Press Release – MAF
NAIT’s Chief Executive, Russell Burnard, welcomes the decision by the Animal Health Board (AHB) to begin phasing out current mandatory bar-coded tags for cattle early, to help farmers transition to the National Animal Identification and Tracing (NAIT) …NAIT and AHB work together to support farmers
28 February 2011
NAIT’s Chief Executive, Russell Burnard, welcomes the decision by the Animal Health Board (AHB) to begin phasing out current mandatory bar-coded tags for cattle early, to help farmers transition to the National Animal Identification and Tracing (NAIT) scheme.
The decision will allow farmers to start using a NAIT-approved Radio Frequency Identification Device (RFID) as the primary tag for off-farm animal movements, other than to slaughter, for calves born after 1 March 2011. Requirements for secondary tags will continue, which can be selected from any of the secondary tag types currently approved by AHB.
Russell Burnard said that AHB has previously only approved NAIT RFID ear tags to be used as a secondary tag.
“We’re delighted. This collaboration between NAIT and the AHB will directly benefit farmers.
“It means that for calves born after 1 March 2011, farmers can avoid having to use bar-coded tags. They will be able to tag their calves in readiness for future NAIT requirements.
“There are also on-farm management advantages. Obviously, tagging young animals is a lot easier than tagging older animals.”
AHB’s Chief Executive, William McCook says the Animal Health Board is committed to working closely with NAIT to ensure a smooth transition to the new National Animal Identification and Tracing scheme.
“It is of paramount importance to the integrity of the National Bovine TB Strategy that there is an orderly transition to the NAIT system”, said Mr McCook.
“This includes providing farmers with a clear cut-off date for the use of barcoded tags at slaughter, which we expect will be when NAIT RFID tags become mandatory on 1 November 2011.
“Farmers must also continue completing and providing full and accurate Animal Status Declarations for all off-farm movements of cattle and deer.”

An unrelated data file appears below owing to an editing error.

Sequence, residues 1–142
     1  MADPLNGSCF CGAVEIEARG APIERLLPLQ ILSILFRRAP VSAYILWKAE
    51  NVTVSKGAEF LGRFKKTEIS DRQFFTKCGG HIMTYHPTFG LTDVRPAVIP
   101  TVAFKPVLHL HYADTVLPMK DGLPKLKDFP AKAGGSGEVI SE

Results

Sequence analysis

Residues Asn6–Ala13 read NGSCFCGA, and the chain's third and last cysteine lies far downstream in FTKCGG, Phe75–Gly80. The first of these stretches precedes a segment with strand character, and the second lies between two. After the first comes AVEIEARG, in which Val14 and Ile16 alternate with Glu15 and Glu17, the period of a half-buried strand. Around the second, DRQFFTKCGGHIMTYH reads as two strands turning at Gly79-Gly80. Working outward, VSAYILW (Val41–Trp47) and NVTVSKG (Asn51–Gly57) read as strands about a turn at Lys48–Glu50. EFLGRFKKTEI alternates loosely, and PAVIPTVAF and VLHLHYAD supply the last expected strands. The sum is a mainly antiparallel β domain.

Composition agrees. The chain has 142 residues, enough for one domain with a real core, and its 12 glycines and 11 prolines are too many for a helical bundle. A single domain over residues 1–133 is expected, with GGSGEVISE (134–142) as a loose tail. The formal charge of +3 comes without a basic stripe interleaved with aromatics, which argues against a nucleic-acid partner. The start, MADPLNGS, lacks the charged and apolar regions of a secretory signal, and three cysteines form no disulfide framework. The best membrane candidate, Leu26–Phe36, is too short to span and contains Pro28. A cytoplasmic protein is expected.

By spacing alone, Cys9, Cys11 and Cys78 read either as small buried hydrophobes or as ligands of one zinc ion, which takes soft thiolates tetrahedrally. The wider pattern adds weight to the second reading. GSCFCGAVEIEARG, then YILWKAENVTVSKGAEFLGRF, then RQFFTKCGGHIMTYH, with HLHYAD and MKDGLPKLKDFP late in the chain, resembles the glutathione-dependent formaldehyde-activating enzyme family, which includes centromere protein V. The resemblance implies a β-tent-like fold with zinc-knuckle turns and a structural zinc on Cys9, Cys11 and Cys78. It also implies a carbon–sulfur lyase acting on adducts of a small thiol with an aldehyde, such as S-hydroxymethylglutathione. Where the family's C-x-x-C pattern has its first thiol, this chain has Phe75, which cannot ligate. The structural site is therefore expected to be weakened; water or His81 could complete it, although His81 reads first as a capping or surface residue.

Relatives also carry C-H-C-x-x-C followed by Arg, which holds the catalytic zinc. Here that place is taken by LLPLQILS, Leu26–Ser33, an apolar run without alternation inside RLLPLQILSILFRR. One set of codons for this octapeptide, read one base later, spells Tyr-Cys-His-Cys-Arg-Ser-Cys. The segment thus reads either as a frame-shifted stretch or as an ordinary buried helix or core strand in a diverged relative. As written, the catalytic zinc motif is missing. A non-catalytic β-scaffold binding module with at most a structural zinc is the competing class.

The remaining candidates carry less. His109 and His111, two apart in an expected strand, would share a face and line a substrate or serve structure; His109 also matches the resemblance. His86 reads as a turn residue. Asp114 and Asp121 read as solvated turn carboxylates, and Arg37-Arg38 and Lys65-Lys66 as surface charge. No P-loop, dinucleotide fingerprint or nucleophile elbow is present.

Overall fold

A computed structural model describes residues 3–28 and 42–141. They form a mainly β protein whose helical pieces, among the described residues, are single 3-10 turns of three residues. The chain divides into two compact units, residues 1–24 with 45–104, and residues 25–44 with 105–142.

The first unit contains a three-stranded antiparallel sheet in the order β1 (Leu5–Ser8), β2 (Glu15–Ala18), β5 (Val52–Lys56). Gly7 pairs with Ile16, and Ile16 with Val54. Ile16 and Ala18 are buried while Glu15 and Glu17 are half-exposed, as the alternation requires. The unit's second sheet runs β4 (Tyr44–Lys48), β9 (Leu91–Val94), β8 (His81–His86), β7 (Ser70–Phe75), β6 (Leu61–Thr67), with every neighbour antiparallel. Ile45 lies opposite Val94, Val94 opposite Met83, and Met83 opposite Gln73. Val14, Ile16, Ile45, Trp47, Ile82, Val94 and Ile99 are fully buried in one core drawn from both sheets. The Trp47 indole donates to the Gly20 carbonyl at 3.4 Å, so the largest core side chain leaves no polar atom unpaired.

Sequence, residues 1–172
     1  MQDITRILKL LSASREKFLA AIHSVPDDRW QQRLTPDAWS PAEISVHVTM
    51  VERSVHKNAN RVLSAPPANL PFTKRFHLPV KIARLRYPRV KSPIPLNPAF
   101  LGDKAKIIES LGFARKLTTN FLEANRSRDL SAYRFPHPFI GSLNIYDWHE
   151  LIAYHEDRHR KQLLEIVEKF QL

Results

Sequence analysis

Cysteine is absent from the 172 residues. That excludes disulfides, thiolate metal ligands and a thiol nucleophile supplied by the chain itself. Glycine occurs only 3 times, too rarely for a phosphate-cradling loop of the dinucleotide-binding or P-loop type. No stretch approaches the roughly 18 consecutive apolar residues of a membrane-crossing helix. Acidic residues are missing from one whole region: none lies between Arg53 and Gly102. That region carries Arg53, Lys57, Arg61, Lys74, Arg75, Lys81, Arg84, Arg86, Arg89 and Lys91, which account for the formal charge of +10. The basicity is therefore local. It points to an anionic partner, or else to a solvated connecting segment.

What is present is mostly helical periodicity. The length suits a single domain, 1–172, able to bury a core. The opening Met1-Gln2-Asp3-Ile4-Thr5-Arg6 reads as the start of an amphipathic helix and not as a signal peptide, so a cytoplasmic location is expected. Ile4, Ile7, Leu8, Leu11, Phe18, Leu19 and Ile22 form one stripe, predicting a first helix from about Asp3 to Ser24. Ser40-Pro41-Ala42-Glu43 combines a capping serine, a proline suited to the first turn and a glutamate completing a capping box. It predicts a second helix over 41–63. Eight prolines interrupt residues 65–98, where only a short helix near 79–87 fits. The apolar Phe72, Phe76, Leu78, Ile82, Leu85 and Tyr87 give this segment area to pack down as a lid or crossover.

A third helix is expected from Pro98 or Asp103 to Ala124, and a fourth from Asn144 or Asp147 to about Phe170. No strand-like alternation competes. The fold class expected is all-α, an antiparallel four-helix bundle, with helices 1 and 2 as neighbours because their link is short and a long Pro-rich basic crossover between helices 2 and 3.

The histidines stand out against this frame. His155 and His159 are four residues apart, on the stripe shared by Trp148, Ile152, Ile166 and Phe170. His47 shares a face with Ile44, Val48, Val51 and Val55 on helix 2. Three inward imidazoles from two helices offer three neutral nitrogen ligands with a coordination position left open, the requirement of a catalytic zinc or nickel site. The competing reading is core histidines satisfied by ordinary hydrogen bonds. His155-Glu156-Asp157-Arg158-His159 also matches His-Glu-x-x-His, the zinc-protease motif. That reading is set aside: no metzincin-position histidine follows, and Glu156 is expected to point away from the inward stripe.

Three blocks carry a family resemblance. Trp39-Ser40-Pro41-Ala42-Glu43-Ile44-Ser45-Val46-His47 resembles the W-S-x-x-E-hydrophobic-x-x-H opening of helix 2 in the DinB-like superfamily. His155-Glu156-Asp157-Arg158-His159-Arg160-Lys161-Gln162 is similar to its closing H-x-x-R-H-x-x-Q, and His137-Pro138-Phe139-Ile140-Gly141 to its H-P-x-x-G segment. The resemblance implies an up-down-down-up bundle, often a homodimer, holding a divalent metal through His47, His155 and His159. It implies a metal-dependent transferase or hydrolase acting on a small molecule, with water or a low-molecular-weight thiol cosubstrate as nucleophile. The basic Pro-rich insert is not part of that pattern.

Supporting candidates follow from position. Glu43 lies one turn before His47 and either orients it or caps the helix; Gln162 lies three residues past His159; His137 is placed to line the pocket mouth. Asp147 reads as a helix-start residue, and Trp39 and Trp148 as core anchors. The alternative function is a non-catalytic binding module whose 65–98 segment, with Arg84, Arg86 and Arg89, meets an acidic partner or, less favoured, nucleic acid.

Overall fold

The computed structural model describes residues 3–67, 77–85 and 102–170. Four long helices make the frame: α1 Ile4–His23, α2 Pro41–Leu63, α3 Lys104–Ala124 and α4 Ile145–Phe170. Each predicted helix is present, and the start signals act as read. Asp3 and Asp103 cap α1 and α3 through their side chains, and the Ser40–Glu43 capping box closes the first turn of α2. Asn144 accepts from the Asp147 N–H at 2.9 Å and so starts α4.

Mr McCook says that until NAIT RFID ear tags become mandatory on 1 November 2011, all stock being moved to slaughter must still have AHB-approved bar-coded tags. Current AHB rules for bar-coded primary tags and approved secondary tags will also continue to apply for all movements of stock born before 1 March 2011.
With the AHB and NAIT working together, Mr Burnard said farmers can be assured that future tagging requirements will be kept as cost-effective and hassle-free as possible.
NAIT-approved RFID (Radio Frequency Identification Device) tags are available now, and will be mandatory when both the legislation is in place and the system is operating effectively. Mr Burnard says he expects this to be 1 November 2011.
NAIT (National Animal Identification and Tracing) is an animal identification and tracing system that will link people, property and animals. NAIT Ltd is the industry-owned company that will implement the NAIT system.
NAIT will provide New Zealand livestock owners, processors and government with timely and quality information on the current location, movement history and other related attributes associated with livestock.
With its ability to trace infected animals and properties quickly and accurately, NAIT will improve New Zealand’s ability to respond and contain the damage from biosecurity risks and food scares. This will help give assurance to our trading partners and help our ability to resume trade after such an event.
The National Animal Identification and Tracing System (NAIT) Bill was introduced into Parliament in December 2010 and submissions on the Bill closed on 10 February 2011.
For more information visit: http://www.nait.co.nz/